Published February 27, 2014
The Pentagon’s proposed defense cuts – shrinking the U.S. Army to its smallest size since before World War II – has Hispanic war veterans concerned about the thousands of current military personnel who are going to lose their jobs and worried about lost opportunities for the next generation of Latino youths.
Under the five year budget proposed by Defense Secretary Chuck Hagel on Monday, the U.S. Army would be reduced by as much as 80,000 troops from the current size of 520,000 to possibly as low as 440,000, slashing the Army to its smallest size in 74 years and eliminating a fleet of Air Force fighter jets.
The Pentagon budget would be cut by $75 billion over the next two years. Personnel and programs at major bases from Fort Jackson, S.C., to Fort Hood, Texas, could be significantly scaled back.
"We need the ground troops regardless of how many machines we have," said Gumersindo Gomez, a Vietnam veteran who served in the Army for 20 years and has been the Director of the Bilingual Veterans Outreach Center of Springfield, Massachusetts, for 28 years.
As director, Gomez, 65, has seen firsthand the cost of not investing enough in the nation's servicemen and women. Over the years, he told Fox News Latino, he's helped as many as 15,000 veterans and their families file disability claims or attempt to get new jobs.
"We have no jobs for these people if they get released from military services," said Gomez. He fears that slashing 80,000 troops from the Army is going to be overwhelming in this economy.
As of 2012, the U.S. Army says about 14 percent – nearly 73,000 troops – of its active duty forces are Hispanic, nearly doubling since 1998, when 7.6 percent of active duty troops were Latino. If the Army's active duty troops are cut by 20 percent, more than 14,000 Latino Army servicemen and women could be let go.
"I'm not ready to pick up another 100 veterans," he said. "Secretary Hagel is not talking about what’s going to happen to those individuals once they are released from service, as if they aren’t his responsibility."
More than 100 veterans are in the center's job placement program and in six months they've been able to place 13 of them. Gomez says part of the problem is employers who are afraid to hire combat vets because of fears of post-traumatic stress disorder and more general worries about the possibility of aggressive behavior in the workplace.
Hagel called the cuts “difficult choices” but they are an effort to move resources away from large war time ready troop sizes into better technology and equipment.
The honorable Michael Montelongo, a former Pentagon appointee under George W. Bush whose job was the equivalent to being CFO of the U.S. Air Force, told Fox News Latino that he doesn’t expect the proposed defense budget to be the last word, though he called the cuts, “decreases that are normal when you come out of war.”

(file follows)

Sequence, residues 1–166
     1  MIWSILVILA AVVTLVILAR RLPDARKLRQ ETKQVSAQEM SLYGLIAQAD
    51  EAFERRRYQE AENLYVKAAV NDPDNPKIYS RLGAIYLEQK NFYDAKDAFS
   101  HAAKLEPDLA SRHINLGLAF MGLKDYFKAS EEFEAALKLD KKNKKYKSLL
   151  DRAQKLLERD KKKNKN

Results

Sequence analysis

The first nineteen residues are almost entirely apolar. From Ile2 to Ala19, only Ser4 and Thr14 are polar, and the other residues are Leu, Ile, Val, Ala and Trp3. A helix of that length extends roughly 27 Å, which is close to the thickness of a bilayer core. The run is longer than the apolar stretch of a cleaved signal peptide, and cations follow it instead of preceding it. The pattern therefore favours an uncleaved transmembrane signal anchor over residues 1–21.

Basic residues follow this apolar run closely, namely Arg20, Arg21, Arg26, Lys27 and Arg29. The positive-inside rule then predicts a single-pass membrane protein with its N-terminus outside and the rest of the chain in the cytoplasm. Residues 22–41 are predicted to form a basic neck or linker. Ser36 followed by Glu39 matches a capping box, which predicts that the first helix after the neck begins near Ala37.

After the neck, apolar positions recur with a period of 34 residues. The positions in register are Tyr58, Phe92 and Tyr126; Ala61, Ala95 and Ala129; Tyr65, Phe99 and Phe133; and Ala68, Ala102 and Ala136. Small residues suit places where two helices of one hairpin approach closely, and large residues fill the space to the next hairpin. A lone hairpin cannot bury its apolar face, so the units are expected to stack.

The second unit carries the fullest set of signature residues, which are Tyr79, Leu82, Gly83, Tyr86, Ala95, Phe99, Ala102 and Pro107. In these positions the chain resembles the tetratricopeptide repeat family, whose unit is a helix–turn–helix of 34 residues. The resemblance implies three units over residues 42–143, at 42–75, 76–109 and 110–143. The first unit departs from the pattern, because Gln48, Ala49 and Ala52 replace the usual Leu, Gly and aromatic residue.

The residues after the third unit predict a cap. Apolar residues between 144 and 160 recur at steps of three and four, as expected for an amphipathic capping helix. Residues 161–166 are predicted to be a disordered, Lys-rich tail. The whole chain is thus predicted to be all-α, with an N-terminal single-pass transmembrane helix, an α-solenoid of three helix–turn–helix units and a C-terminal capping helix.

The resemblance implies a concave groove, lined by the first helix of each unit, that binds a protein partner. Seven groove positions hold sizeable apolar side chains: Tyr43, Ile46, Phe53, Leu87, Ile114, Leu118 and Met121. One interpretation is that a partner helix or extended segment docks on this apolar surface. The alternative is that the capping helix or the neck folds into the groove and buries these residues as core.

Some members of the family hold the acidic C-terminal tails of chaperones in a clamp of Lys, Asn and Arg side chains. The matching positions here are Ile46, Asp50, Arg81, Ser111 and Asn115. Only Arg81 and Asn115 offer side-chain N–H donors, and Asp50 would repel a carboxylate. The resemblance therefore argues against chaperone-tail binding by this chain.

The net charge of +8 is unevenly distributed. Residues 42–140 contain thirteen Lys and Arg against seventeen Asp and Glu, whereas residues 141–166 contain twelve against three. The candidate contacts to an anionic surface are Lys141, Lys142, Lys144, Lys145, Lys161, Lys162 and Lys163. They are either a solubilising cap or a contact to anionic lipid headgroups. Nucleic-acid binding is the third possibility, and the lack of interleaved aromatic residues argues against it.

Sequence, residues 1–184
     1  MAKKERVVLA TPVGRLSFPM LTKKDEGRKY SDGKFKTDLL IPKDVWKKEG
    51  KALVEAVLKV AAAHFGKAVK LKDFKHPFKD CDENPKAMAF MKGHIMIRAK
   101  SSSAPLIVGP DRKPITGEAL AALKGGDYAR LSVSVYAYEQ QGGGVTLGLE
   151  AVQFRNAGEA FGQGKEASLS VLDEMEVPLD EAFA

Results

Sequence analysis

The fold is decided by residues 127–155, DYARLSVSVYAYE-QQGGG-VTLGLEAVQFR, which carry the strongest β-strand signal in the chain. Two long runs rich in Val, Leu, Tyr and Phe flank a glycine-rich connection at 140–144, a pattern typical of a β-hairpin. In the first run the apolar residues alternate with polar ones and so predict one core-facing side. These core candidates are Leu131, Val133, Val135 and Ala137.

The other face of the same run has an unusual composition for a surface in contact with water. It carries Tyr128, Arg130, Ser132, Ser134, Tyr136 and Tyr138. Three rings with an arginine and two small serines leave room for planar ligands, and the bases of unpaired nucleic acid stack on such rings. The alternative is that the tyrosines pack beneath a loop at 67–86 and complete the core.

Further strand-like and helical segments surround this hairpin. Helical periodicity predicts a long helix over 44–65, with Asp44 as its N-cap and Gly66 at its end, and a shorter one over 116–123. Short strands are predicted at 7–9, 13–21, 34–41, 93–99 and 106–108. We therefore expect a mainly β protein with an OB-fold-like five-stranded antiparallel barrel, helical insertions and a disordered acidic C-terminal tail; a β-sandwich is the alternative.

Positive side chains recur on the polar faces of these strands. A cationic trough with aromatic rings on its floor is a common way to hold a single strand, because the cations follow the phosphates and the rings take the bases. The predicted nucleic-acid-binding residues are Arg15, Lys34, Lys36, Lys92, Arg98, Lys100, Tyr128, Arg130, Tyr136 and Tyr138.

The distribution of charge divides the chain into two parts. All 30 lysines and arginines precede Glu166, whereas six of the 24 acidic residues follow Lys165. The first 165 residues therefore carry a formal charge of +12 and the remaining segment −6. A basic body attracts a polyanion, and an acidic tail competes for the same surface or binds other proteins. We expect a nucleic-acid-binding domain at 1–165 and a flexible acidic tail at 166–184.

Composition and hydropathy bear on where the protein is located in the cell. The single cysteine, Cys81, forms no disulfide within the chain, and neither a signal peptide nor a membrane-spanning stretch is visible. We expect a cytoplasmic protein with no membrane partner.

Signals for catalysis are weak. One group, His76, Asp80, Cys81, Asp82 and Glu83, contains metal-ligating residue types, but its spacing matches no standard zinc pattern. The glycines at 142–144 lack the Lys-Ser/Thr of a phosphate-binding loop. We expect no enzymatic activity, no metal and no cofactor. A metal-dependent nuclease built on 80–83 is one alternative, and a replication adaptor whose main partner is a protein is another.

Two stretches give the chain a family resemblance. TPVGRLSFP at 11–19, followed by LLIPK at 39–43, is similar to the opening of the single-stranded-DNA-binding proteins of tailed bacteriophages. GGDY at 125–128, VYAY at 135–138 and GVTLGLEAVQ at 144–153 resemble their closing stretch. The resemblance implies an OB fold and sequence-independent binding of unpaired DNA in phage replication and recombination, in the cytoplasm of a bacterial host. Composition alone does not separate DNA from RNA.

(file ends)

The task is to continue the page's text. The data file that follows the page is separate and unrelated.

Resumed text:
A 20-year-Army veteran, Montelongo, now a senior vice president at the food-service multinational corporation, Sodexo, also said that large cuts in personnel could have an impact on recruiting. “It doesn’t have an immediate impact, but at some point these cuts can start to have reverberations down the recruiting pipeline.”
Ultimately, he said, downsizing will mean that "the military will just become a bit more competitive.”
Which doesn't mean that the process won't be painful. Rep. Loretta Sanchez (D-CA), who is the second highest ranking Democrat on the House Armed Services Committee.
"As we pull out of two wars, we need to consider what our strategic needs truly are and pass a budget that reflects those needs and is fiscally responsible," Sanchez told Fox News Latino in a statement.
The Congressional Hispanic Caucus does not have an official stance at this time on the proposed defense cuts, but there is no doubt that they would have severe repercussions on many communities, including Killeen, Texas.
“Fort Hood is the lifeblood of Killeen and surrounding communities,” said José Segarra, 49, Killeen city council member and a real estate broker.
Segarra, who served in the army for 10 years, says if the Pentagon decides to cut medical, commissary privileges and jobs, it’ll drive consumers away from the town. He recalled that Killeen looked like a ghost town after the troop reduction after the first Gulf War.
“It’s not just the military – it’s the spouses, the dependents. One person not being hired affects everybody,” he said.
Another concern is that a major shrinking of troop levels will mean diminishing opportunities for Latinos who can’t afford or choose not to go to college. Growing up on the Southside of Chicago with his Puerto Rican family, Segarra said that if it weren’t for the military he would not have been able to become a politician or a businessman.
“I think the military offers a lot of Hispanics the ability to develop as leaders,” Segarra explained.
Other veterans, like Frank Medina, the National Chair of the Borinqueneers Congressional Gold Medal Alliance, believe the cutbacks might not be such a bad thing.
"I chose the military to start off my career, but it’s not the only option," Medina said. "It may be a silver lining for other Latinos to find other ways to grow."